WILLIAM GILPIN AND THE WYE TOUR
Ross-on-Wye & District Civic Society newsletter Autumn 2001 (number 75)
In their book, The Story of Ross, Pat Hughes and Heather Hurley date the start of the Wye Tour from 1750, when the rector of Ross, John Egerton began treating his fashionable guests to a boat trip down the Wye. It is a pity in hindsight that there was no commemoration of the 250th anniversary in millennium year so here, in belated recognition, are a few words about the Reverend William Gilpin whose writings brought the Wye Tour to popular attention.
He was born in 1724 near Carlisle and always retained a love of the Lake District scenery of his youth. He eventually became a schoolmaster in Cheam, Surrey and from 1768 he began using the school holidays to make extensive tours around Britain, sketching, and writing about, the landscape as he went In 1770 his summer excursion was to the Wye Valley and South Wales.
In his sketches and writings on this and other tours, Gilpin developed his theories of the Picturesque. A landscape historian, Michael Symes, has summarised these as follows. He "draws a distinction between beauty, which pleases the eye and which is based on smoothness, and the picturesque, which is characterized by roughness and irregularity, From the picturesque point of view, a ruin is preferable to a house and broken ground to a smooth garden. .....Gilpin is concerned with what is suitable for painting (the basic meaning of picturesque), and suggests an approach based on his particular vision of the picturesque. ........ if one had to sum up what Gilpin was looking for, whether in pictures or physical scenery, it would be: variety, contrast, broken edges and lines, rough surfaces, light and shade to illuminate some parts and to hide others, and the power to stimulate the imagination."
The view from the Prospect at Ross was not classified by Gilpin as Picturesque. The viewpoint was too high, the extensive scene was broken up into too many parts and there were no objects of sufficient distinction. Instead he initially called it "very beautiful" but later changed this to "amusing".
Gilpin's rough sketch of "view of R. Wye from Ross churchyard"
However, when he embarked and came to the stretch of river below Goodrich Castle it was a different story. Gilpin analysed views as if they were pictorial compositions or scenic stage sets and in this case the "area" (i.e. the river scenery in the foreground) was a noble formation, the two "side-screens" (the river banks) were distinct but finely contrasted and the "front-screen" featured a ruined castle which could well be described as "Bosom'd high in tufted trees". Overall, this view "I should not scruple to call correctly picturesque" declared Gilpin.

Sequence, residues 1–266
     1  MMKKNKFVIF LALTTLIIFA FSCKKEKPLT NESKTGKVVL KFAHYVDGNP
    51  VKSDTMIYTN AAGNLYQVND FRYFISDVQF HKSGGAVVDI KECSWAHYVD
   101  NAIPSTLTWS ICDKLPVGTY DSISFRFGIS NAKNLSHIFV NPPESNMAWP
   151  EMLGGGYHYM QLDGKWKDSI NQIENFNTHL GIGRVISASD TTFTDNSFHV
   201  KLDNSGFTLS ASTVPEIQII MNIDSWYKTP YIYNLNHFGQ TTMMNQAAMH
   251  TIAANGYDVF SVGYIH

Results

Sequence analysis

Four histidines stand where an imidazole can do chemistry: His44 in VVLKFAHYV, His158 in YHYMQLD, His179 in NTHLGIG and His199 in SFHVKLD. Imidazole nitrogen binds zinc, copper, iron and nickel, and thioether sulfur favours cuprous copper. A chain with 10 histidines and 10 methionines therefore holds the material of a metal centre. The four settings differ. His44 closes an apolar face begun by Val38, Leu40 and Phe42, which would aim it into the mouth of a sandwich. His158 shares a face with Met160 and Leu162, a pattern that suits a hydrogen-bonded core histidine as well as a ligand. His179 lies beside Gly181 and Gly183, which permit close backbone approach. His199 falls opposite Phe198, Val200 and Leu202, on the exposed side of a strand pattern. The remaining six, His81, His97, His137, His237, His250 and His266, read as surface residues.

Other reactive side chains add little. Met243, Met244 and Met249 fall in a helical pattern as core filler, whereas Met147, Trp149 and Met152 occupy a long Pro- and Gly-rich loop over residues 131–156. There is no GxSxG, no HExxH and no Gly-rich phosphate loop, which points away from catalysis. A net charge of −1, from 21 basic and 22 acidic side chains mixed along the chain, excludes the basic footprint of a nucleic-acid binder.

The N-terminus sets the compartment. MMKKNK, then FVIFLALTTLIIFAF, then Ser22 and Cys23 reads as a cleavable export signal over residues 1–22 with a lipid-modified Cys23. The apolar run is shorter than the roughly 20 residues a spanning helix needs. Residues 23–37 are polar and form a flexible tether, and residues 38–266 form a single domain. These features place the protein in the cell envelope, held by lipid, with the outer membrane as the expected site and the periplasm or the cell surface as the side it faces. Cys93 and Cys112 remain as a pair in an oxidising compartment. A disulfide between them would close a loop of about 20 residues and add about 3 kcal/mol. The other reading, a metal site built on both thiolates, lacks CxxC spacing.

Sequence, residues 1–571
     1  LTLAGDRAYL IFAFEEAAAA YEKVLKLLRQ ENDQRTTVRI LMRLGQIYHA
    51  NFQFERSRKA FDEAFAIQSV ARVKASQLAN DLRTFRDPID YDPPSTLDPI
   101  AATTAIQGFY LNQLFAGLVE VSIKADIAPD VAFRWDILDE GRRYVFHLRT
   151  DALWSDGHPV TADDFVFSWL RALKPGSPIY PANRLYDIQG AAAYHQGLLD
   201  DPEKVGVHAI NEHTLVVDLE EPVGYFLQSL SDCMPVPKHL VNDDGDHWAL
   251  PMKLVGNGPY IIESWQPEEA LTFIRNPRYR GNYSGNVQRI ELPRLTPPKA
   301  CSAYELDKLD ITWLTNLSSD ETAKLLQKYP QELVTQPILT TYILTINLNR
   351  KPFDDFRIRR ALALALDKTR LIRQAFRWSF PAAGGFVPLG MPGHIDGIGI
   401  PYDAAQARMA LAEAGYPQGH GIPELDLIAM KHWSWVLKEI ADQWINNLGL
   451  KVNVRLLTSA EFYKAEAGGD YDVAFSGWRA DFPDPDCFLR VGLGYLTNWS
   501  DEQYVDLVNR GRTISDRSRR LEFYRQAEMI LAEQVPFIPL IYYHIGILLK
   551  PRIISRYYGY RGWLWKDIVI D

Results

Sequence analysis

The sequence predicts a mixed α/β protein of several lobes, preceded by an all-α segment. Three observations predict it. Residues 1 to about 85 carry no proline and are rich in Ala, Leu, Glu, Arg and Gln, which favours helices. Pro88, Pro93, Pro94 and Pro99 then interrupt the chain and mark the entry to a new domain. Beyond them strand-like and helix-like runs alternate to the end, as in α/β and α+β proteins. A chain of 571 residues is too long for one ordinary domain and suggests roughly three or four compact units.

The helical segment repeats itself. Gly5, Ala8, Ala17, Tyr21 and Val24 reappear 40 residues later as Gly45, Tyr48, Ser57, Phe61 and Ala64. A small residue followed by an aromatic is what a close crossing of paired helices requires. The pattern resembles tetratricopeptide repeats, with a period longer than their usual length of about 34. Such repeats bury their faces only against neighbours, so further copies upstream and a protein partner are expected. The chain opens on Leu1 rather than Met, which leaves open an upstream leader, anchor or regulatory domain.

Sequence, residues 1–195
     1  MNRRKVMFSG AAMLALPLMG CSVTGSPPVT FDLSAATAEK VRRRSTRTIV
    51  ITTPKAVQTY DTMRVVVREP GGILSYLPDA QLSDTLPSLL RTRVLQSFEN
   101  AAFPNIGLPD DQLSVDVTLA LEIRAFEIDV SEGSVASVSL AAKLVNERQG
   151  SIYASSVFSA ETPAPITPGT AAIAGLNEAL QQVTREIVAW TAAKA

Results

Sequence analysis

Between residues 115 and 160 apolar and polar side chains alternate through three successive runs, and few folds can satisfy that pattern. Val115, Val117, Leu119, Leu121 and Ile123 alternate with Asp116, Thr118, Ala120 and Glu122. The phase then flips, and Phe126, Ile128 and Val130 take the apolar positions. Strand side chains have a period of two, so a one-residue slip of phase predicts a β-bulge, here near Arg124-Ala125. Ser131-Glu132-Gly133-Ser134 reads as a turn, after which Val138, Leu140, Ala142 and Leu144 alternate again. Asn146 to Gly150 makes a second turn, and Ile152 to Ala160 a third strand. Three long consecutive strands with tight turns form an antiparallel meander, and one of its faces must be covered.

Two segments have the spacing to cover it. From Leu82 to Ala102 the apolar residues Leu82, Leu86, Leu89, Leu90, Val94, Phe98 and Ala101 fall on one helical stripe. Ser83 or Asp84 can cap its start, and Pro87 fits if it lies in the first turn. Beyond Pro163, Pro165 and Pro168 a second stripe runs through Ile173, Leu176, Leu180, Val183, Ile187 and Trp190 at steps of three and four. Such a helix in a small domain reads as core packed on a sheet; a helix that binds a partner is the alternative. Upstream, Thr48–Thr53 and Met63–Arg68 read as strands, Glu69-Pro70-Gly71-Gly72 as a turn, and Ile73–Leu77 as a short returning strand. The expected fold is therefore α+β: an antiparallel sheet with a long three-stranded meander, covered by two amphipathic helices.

Moving downstream the steep, wild banks of the river afforded many other picturesque views until the tourist came to the piece de resistance, Tintern Abbey. Gilpin enjoyed the Abbey on the whole, but, because of his rather exacting formulae for determining the "correctly picturesque", he was not completely satisfied. "A number of gable-ends hurt the eye with their regularity, and disgust it by the vulgarity of their shape. A mallet judiciously used (but who durst use it?) might be of service in fracturing some of them; particularly those of the cross aisles, which are not only disagreeable in themselves, but confound the perspective."
An 18th century view of Tintern Abbey. Gilpin complained that the view "is interrupted by a mean modern house, which has been built close to it."
Gilpin's 'Observations on the River Wye' were not published until 1782, although they had been circulating in manuscript amongst the cognoscenti for a decade. A number of other writers published similar tourist guides shortly afterwards and by the end of the century the Wye Tour was at its height of popularity. Tourists glided in comfort from Ross to Chepstow in boats equipped with drawing tables and protective awnings. By the nineteenth century the Tour had lost some of its social cachet but remained a popular attraction, helped by the coming of the railways.
William Gilpin made, and described, further tours to the more rugged parts of the British Isles, until he became vicar of Boldre in the New Forest, Hampshire. He then had to give up touring but wrote 'Remarks on Forest Scenery' in 1791. He died at Boldre in 1804. By this time Gilpin's formulaic perceptions of the picturesque had been superseded by a more rounded appreciation based on moral issues as much as aesthetic ones, in large measure due to the writings of the two Herefordshire squires, Uvedale Price of Foxley and Richard Payne Knight of Downton Castle.